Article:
There is many a time where I will look at Japan to see what the vision for tomorrow is. I mean, Honda and Sony, two Japanese companies, teamed up to make a car that can be driven by a DualSense controller. Granted, it won’t ship with the capability.
However, there are some things that Japan could use some catching up on. No, I’m not talking about how the West perceives their culture. I’m talking about floppy disks. Thankfully, the practice of using them is slowly coming to and end.
Floppy disks in 2024?
The Japanese government apparently still requires businesses to share information via a floppy disk or a CD-ROM when they submit official documents. This seems like an odd practice all around. I want to say here in the US, some agencies may require paper documents. But if it isn’t paper, it can be submitted online. I don’t think anyone was submitting documents on physical media.
Initially, I can see it as something they did to say “We’re advanced!” when looking at everyone still printing on paper, but the wheels of government must have been ground to a halt there. While everyone embraced the internet, Japan took the Nintendo route and decided to get to the internet eventually.
Seriously, Taro Kono, the Japanese Minister of Digital Affairs, started urging branches of government to halt the practice of using outdated physical media. The Ministry of Economy, Trade, and Industry (METI) lept at the opportunity.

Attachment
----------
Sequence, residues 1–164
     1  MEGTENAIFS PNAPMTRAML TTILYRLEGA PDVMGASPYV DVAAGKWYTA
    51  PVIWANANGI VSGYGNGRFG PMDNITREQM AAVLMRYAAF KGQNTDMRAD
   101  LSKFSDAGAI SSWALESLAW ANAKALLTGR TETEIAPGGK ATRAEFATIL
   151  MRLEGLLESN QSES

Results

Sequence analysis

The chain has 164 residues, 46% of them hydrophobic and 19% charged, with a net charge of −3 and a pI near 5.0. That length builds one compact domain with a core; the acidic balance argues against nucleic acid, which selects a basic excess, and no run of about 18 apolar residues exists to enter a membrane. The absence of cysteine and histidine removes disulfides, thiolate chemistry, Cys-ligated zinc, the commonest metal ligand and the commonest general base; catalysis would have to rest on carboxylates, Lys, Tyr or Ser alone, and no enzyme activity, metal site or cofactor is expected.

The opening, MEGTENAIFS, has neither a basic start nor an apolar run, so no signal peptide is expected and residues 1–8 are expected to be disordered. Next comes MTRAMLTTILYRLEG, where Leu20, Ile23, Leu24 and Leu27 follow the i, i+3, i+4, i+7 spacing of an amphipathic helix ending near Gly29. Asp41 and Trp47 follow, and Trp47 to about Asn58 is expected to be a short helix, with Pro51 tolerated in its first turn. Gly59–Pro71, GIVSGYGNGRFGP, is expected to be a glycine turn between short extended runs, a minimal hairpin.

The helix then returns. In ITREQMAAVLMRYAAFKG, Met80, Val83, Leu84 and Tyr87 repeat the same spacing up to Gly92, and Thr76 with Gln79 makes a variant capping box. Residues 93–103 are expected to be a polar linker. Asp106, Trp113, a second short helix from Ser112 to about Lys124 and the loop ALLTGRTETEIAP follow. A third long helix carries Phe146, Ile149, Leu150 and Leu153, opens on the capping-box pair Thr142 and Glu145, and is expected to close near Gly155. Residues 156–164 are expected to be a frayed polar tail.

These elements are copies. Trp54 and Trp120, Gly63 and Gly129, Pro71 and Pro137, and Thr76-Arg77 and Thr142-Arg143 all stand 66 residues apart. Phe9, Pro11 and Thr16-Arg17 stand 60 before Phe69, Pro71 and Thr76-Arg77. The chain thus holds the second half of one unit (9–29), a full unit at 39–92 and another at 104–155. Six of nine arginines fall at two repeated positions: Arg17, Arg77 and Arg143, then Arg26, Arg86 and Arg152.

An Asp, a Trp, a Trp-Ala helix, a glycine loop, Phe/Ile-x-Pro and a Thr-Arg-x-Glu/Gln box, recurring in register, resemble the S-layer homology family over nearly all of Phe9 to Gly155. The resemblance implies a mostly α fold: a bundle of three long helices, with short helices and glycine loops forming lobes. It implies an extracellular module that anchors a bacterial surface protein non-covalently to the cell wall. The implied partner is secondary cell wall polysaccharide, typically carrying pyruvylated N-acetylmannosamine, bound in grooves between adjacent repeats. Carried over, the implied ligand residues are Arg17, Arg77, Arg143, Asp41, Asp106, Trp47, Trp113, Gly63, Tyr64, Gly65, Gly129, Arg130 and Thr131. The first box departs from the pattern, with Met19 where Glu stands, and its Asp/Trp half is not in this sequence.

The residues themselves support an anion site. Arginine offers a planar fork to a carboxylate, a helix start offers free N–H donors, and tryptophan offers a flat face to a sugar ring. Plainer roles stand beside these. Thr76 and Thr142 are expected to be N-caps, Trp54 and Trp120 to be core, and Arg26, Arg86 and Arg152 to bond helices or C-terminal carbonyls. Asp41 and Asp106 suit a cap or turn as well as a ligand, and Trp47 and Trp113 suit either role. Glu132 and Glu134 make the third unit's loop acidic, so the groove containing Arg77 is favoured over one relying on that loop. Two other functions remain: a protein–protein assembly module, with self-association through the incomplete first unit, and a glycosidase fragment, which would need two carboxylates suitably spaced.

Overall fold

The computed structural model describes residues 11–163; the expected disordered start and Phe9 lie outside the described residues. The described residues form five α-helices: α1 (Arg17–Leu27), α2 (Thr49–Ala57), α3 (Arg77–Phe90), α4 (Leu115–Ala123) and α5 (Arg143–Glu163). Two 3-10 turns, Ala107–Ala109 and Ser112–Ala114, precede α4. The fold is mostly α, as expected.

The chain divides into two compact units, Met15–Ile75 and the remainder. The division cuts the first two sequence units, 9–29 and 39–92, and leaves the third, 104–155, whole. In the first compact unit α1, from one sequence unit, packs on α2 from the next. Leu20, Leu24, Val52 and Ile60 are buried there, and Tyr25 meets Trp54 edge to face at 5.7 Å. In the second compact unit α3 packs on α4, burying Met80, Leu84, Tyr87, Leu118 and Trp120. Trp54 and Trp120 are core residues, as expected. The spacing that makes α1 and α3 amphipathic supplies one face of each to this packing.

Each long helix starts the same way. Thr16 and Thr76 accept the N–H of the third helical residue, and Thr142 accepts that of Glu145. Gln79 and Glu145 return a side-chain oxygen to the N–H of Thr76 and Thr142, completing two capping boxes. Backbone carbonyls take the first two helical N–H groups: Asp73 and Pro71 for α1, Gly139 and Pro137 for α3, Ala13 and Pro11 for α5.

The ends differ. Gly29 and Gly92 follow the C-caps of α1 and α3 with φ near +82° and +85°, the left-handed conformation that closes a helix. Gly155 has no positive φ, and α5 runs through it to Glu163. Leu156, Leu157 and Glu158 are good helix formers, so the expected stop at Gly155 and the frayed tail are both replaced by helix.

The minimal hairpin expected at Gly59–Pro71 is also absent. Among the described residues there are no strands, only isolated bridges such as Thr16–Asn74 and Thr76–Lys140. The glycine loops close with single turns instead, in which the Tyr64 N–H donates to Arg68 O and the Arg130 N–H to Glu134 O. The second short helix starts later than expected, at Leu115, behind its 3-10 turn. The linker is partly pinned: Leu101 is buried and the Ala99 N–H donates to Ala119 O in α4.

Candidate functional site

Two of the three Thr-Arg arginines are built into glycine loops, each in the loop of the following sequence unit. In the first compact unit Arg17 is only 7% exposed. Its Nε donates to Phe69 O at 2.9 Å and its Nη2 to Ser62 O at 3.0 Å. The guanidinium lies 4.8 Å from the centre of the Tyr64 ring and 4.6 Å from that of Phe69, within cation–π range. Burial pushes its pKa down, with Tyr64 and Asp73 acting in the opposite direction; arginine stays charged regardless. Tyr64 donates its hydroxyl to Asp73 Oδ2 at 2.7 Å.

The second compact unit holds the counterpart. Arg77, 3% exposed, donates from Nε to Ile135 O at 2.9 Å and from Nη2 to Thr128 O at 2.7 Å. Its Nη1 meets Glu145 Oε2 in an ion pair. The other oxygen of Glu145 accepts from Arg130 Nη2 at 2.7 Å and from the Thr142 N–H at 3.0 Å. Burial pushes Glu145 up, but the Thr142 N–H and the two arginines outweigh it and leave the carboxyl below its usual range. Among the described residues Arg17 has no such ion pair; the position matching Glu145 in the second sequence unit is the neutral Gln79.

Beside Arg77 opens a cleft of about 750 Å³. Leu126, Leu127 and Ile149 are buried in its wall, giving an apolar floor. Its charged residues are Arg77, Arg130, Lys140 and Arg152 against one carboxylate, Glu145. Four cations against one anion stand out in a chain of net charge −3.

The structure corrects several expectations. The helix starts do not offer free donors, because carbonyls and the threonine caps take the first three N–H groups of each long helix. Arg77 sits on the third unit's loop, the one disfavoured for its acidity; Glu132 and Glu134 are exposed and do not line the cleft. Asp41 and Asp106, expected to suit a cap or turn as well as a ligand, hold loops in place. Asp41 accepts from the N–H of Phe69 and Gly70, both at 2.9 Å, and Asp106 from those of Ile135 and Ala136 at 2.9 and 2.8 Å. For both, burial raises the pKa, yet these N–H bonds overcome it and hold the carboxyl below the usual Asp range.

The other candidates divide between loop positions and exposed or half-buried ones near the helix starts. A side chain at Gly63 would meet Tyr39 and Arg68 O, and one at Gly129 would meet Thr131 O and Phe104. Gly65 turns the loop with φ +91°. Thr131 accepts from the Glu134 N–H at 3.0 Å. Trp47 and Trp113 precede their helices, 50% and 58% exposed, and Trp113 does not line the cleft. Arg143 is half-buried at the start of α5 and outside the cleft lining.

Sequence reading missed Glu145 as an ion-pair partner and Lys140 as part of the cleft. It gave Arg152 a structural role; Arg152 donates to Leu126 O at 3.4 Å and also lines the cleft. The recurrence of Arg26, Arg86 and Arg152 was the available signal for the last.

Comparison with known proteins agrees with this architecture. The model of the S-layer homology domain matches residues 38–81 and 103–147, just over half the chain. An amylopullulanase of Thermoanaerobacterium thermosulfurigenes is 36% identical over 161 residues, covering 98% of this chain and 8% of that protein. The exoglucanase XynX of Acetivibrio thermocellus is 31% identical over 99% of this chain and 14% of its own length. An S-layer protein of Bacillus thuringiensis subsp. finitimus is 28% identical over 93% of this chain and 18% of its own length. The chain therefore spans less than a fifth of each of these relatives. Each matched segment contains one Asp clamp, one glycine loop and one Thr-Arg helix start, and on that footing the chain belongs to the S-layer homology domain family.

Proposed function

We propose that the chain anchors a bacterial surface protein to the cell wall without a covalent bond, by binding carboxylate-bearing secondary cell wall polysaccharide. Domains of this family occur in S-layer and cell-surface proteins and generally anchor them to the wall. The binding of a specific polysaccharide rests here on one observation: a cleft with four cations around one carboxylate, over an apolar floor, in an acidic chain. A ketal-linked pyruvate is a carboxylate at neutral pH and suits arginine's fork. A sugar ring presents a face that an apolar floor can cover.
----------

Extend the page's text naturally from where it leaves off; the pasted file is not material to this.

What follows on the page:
Under the current law, there are many provisions stipulating the use of specific recording media such as floppy disks regarding application and notification methods.”
METI told The Register
In 2025, METI won’t require businesses to use floppy disks and CD-ROMs for a number of ordinances. It’ll still be a while before the practice is fazed out completely. Kono’s team has identified nearly 1,900 protocols across many of the government’s departments that will still need to use physical media including MiniDiscs. These requirements apply to key industries like utility suppliers, mining, and aircraft and weapons manufacturers.
A big reason for this push to stop using floppy disks is because its becoming harder to find them. Sony was the last manufacturer making them, but they stopped selling them in 2011. Also, with your average floppy disk size being 1.4 MB, something as simple as a picture couldn’t fit on them nowadays.
But, while we sit here and joke on Japan for taking so long, we must also be reminded that the US stopped using floppy disks to coordinate nuclear weapon launches in 2019.
I’ll leave you to ponder that.